Yet, in response to Goodman’s request to “Explain what you mean. Explain what happened, Kamilah,” Willingham boldly asserted: “I was sexually assaulted by a friend and classmate. He actually assaulted me and another girl on the same night.”
The occasion for this interview—part of a series of interviews on June 8th and 9th, was the controversy and outrage over California Judge Aaron Persky’s minimal sentencing of Brock Allen Turner, a former Stanford student and convicted rapist. Yet Goodman seized the moment to re-visit what is, to say the least, a clearly more ambiguous case; and to promote an accusation that has been judged baseless in a court of law. I do not know enough law to know whether this can be judged as libelous. But I would think that the one-sidedly “leading” nature of this public interaction can be judged to be a violation of journalistic ethics, certainly including those that Goodman purports to be her own.
In fairness, when co-host Juan Gonzales asked Willingham and Ziering about the support of 19 Harvard Law Professors for Winston, viewers were told to go to the film’s website for the facts. But the facts on the website simply re-iterate that Winston was convicted of a (misdemeanor, unstated on the website) non-sexual assault in a Massachusetts court of law.
Former Florida State University football player Jameis Winston (no relation to Brandon), accused of rape by Erica Kinsman but not charged after extensive legal review, is also featured in The Hunting Ground. While Brandon Winston, Kamilah Willingham, and Jameis Winston are black, Kinsman is white. In the same New Yorker article, Jennie Suk stated:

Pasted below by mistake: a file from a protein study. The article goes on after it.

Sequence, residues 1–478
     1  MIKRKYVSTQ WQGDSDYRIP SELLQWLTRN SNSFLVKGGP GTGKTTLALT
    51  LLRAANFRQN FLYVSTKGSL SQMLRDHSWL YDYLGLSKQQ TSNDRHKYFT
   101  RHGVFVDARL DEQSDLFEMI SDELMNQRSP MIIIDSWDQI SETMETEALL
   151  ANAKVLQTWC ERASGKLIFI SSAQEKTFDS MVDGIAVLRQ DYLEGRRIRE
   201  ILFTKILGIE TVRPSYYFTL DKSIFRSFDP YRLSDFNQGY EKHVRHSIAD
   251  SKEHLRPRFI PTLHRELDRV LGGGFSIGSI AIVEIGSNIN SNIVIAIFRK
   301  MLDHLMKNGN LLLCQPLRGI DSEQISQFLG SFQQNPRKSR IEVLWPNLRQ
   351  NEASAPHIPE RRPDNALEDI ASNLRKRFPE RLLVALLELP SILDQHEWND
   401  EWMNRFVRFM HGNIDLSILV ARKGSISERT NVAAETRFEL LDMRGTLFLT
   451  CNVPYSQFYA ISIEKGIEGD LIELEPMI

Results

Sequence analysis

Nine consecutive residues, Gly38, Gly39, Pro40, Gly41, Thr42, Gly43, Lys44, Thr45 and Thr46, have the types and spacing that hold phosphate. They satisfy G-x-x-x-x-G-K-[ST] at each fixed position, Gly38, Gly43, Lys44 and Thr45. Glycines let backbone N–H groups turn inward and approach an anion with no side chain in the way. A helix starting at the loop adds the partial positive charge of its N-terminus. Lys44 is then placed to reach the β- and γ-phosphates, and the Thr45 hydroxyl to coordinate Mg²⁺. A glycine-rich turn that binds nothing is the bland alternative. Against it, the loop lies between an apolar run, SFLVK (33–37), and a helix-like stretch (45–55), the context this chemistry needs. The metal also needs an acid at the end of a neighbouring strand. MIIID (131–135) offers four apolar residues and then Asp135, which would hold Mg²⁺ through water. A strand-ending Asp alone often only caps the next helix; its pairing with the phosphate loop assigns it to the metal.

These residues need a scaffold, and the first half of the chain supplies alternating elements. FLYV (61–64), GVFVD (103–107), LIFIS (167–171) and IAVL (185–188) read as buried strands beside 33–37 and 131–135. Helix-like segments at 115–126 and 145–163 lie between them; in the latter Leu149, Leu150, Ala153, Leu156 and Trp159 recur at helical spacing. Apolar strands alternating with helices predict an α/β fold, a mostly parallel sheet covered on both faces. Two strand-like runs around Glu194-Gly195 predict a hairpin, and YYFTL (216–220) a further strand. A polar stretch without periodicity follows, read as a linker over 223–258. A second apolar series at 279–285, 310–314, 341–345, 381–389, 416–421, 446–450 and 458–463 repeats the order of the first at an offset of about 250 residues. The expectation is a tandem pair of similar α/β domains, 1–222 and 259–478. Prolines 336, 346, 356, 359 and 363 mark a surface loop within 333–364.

The dynamics of racially disproportionate impact affect minority men in the pattern of campus sexual-misconduct accusations, which schools, conveniently, do not track, despite all the campus-climate surveys. Administrators and faculty who routinely work on sexual-misconduct cases, including my colleague Janet Halley, tell me that most of the complaints they see are against minorities, and that is consistent with what I have seen at Harvard. The “always believe” credo will aggravate and hide this context, aided by campus confidentiality norms that make any racial pattern difficult to study and expose.
What also particularly raised my critical antennae in the most recent DN interview was this statement by Producer Amy Ziering:
Well, Invisible War was the first film Kirby Dick and I made on this issue, and it broke the story of the epidemic of rape in our military. And like you said, Amy, it was resoundingly embraced and, you know—and not challenged, you know, sort of accepted. And what I really give the Pentagon credit for is that they saw the film as a critique, not an attack, and they started using it as a training tool on bases. They said, “Oh, my god, we have a problem, we really have to take care of it.”